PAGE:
I think I hate these kinds of questions mostly because I don’t have an easy answer for them. And although I happen to think that that’s just fine, the person/people asking never seem to think it is.

Take today, for example. I was approached by a young blonde woman and her two friends. “Hi!” she said, cheerily. I hesitated. I was in my university’s student union and had already been approached by a guy selling candy bars for some club or camp and a girl who was looking for her backpack she claimed she’d left at the table where I was sitting (and I’m pretty sure she thought I nabbed it). I just didn’t want to deal with anyone; I was busy getting work done.


“My name’s Heather!” she stuck out her hand, and also introduced her two friends, an Asian girl about my height, and a slightly shorter brunette. I shook her hand. I was still hesitating somewhat. What did they want? I didn’t want to donate to something. I don’t make enough as a grad student teaching assistant to afford to donate to anything right now except the “keep Kate sheltered and fed fund.” “What’s your name?” she prompted.

“I’m Kate,” I answered. “Are you…” I paused and scanned their faces, “advertising for something?”

“Well, actually,” said the blonde, “we’re just telling people about our Bible reading club…”

That was when she lost me. I hear “bible,” “Jesus,” “God,” or “Christian,” and I immediately start panicking and looking for a way to get away from whoever has just begun talking to me. It’s nothing personal; it’s just that every religious person who has ever approached me has tried their darndest (and I mean their DARNDEST) to get me to declare my unabashed love for the big JC, or something. I’m never disrespectful, but I’m firm. I just don’t feel it’s necessary to share my own religious insecurities and ponderings with complete strangers, to be perfectly blunt.

I’ve been thinking a lot about my religious identity and for a long time. I was raised Catholic by a mother who converted when I was five and an Episcopalian-turned-atheist/agnostic father. I’m now dating a Jew, and we’ve talked about conversion. I don’t know exactly what possessed me to stop the blonde midsentence with the words, “Oh, I’m Jewish,” but I did it.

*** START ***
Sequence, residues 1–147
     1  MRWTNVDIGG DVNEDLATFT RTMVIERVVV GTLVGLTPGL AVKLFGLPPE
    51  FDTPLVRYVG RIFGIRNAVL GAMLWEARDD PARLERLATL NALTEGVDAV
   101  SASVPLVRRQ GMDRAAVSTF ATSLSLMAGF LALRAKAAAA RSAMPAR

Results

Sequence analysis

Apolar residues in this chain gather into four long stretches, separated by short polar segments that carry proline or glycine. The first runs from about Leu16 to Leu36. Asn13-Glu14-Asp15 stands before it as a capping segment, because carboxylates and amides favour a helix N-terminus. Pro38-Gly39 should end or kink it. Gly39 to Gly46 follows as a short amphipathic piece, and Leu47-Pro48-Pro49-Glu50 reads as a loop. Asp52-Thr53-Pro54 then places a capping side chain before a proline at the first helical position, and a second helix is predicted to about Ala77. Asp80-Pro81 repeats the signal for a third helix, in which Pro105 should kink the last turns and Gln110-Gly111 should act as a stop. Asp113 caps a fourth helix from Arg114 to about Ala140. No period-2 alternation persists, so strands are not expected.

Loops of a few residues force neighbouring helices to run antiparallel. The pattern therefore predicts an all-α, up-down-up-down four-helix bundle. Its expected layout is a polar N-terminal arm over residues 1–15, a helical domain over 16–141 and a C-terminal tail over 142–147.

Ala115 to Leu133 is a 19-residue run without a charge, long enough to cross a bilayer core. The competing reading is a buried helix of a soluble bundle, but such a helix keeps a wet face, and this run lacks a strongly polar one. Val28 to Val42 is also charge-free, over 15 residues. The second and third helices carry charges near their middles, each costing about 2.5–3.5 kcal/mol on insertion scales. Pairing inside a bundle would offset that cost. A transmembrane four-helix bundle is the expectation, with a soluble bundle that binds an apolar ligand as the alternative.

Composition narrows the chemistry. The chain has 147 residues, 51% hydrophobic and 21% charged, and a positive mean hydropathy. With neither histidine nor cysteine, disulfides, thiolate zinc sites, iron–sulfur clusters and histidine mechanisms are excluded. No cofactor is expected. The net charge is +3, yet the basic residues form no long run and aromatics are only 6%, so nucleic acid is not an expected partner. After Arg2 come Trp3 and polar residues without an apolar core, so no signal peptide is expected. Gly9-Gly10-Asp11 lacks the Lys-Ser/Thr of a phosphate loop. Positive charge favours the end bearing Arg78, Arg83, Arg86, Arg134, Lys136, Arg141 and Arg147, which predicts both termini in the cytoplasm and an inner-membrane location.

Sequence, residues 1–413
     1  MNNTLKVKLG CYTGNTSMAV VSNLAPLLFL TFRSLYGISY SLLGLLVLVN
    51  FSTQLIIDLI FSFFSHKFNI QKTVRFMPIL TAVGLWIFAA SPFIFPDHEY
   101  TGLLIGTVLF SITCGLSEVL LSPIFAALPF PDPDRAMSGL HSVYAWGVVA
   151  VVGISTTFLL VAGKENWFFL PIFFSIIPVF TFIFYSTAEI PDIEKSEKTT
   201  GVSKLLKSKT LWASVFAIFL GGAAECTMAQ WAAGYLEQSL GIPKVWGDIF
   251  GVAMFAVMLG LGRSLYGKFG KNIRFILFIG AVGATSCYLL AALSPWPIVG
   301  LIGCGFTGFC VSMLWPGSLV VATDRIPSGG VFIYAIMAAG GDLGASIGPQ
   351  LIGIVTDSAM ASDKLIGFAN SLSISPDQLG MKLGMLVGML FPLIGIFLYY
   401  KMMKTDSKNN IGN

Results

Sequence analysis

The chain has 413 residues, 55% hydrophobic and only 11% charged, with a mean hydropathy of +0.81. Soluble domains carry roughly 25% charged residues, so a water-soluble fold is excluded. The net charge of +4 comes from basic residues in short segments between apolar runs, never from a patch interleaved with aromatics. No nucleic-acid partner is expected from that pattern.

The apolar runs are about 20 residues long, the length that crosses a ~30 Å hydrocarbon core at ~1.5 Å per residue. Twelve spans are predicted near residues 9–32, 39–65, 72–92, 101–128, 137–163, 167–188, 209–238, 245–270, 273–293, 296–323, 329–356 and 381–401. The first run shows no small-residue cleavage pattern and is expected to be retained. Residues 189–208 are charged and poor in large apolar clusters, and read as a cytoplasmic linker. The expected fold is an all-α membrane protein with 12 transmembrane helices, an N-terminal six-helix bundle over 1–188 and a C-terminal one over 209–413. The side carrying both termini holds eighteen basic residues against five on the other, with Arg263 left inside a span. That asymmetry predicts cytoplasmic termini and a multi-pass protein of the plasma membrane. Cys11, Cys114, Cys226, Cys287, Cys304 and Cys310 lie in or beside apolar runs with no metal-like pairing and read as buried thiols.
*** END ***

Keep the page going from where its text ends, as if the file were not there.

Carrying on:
Now the accuracy or inaccuracy of that statement is up for grabs. However, I’m headed to temple tomorrow morning, so I think that at least lends some veracity to it. At any rate, it wasn’t anything these girls had said to me up until that point that made or makes me angry. It’s what they followed my statement with.

“Oh, hereditary or practicing?” asked the Asian girl. My brain scrambled. “Both,” I lied. Only about the first half. But really, what kind of question is that? It seems a little personal for a stranger to be asking me what ethnicity and religion, simultaneously, I lay a claim to. What right does she have to even ask? She should have left it at whatever I said and moved on to greener pastures.

But then came the real kicker. “Well, thanks for telling us the truth! Have a nice day!” The blonde was bubbly as ever. I wished them good luck and turned back to my work. It didn’t dawn on me until a few minutes had passed that she was implying I was a liar. So maybe I kind of was. No one I’m blood related to professes Judaism. But I am actively thinking about conversion and I am going to temple tomorrow. So maybe it’s a trade off. Besides, the question caught me utterly off-guard.

BUT STILL. How dare you passively-aggressively imply that I’m a liar?

This isn’t the worst interaction I’ve had with evangelicals. Not even close (one time I ran into a guy who literally would not take no for an answer and followed me down the block. Then he wanted to add me on Facebook. I gave him a fake name: Kate Johnson. He had the audacity to ask whether I was telling him the truth.)

Christians who are forward about their faith don’t have some sort of monopoly on truth-telling. Why imply that everything I say is a lie? And furthermore, even if it is, did it ever occur to y’all to quit asking me incredibly personal questions? Yeah. That’s what I thought.